The water and harbor front are an intrinsic part of urban life in Copenhagen, which is used throughout the year in a huge variety of ways. The new water culture house, an aquatics center located in the heart of the harbor, seeks to celebrate the significance of water in the history, culture and life of the inhabitants of Copenhagen.
The project is situated on Papirøen, as part of an overall masterplan to develop the entire island into a diverse mixture of residential, office and public space. The aquatics center is located on a prominent corner site, which required a multi-directional building that acknowledged the historical surrounding context of the Christiansholmer roofs, the new masterplan proposal, and the distinctiveness of such a site.
The building is conceived as sculptural cluster of 5 “pyramids”, constructed from yellow-toned bricks, responding to the surrounding context. Slices and perforations within the façade create beautiful light patterns, both internally and externally, and provides spectacular views across the city for visitors to the building. A ribbon of glass at the ground floor encircles the building, creating a vast, open, public space, where views of the harbour can still be enjoyed by those swimming inside the building. Outside, terraced pools cascade down to meet the open water of the harbour. Nestled within the roof structure, an outdoor “valley pool” can be found, providing a truly unique, elemental experience.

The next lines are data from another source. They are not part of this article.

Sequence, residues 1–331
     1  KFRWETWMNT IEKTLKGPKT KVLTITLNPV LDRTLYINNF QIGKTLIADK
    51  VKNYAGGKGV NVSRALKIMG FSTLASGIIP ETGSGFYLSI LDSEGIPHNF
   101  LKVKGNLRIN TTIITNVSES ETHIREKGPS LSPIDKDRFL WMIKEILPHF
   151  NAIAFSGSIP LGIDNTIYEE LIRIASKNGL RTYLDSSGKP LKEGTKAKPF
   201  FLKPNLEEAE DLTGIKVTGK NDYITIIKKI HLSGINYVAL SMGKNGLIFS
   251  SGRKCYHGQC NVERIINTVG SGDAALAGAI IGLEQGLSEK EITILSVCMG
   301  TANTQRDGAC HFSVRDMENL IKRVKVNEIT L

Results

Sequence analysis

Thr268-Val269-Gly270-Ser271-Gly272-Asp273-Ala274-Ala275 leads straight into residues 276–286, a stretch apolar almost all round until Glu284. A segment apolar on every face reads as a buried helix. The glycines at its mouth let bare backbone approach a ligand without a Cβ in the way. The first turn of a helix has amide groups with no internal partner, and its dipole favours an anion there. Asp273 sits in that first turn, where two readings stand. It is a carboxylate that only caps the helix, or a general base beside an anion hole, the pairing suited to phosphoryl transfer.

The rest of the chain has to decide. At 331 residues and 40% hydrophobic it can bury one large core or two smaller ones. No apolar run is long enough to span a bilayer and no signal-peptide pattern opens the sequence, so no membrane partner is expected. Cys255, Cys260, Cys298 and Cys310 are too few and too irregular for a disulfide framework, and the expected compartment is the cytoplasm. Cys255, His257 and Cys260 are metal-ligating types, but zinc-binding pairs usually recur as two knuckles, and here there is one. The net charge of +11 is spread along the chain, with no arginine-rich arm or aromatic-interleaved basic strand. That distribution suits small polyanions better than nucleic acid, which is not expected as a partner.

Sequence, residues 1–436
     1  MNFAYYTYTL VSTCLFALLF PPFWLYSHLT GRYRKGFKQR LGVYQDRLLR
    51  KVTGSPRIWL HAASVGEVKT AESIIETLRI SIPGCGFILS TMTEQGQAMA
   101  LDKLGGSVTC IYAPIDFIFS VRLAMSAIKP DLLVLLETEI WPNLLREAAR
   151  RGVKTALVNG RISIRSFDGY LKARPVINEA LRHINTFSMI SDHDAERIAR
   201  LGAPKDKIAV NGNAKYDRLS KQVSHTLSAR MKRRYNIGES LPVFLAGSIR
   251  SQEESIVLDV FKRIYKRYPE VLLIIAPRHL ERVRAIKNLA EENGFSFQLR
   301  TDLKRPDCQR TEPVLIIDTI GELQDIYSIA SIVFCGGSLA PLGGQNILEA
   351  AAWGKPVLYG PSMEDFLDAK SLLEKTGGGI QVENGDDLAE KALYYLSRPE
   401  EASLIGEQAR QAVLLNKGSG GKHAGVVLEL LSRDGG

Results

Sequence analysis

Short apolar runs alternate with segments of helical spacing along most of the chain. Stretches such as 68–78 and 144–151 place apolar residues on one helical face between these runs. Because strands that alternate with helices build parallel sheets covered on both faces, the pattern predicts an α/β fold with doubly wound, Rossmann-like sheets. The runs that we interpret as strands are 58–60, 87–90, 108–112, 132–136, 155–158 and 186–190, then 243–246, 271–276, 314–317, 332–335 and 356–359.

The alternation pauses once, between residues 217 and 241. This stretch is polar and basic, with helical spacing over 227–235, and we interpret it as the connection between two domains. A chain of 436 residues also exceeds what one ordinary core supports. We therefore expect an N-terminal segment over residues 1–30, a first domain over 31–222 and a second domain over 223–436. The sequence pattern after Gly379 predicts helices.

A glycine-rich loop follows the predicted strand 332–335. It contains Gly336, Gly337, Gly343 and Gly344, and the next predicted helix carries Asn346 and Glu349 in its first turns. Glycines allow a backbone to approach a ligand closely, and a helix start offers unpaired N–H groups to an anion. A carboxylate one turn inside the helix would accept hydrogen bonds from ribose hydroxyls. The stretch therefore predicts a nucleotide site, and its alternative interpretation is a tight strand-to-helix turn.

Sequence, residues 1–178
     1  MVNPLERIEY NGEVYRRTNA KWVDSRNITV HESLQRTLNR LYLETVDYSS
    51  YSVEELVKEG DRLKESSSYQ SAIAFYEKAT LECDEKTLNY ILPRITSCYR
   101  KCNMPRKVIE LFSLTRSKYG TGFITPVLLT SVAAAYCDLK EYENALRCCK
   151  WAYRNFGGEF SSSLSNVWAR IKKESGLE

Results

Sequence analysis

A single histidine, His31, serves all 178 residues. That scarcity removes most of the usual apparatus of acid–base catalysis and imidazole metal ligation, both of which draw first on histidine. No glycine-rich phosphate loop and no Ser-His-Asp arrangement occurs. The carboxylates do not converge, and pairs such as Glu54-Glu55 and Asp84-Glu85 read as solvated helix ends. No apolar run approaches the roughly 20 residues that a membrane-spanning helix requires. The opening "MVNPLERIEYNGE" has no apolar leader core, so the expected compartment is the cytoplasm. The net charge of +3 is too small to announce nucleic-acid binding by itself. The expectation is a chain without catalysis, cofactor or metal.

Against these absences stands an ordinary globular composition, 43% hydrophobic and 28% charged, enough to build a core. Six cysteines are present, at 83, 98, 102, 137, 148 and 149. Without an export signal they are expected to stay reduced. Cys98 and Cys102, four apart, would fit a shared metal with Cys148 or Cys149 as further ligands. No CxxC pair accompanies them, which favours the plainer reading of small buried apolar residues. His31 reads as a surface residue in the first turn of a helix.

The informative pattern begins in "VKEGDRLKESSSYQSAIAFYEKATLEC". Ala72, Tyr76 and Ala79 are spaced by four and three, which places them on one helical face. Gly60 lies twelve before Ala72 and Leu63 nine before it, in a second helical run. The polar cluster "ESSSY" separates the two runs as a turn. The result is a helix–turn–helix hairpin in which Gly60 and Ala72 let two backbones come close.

Alongside swimming facilities, the building also offers a gym, and rooms for sport associations and clubs.
Kengo Kuma, Cornelius Vöge and Søren Jensen won the invited competition in 2017. Cornelius Vöge has performed design and ICT management until engagement of turn key contractor based on tender material (outline proposal and design manual).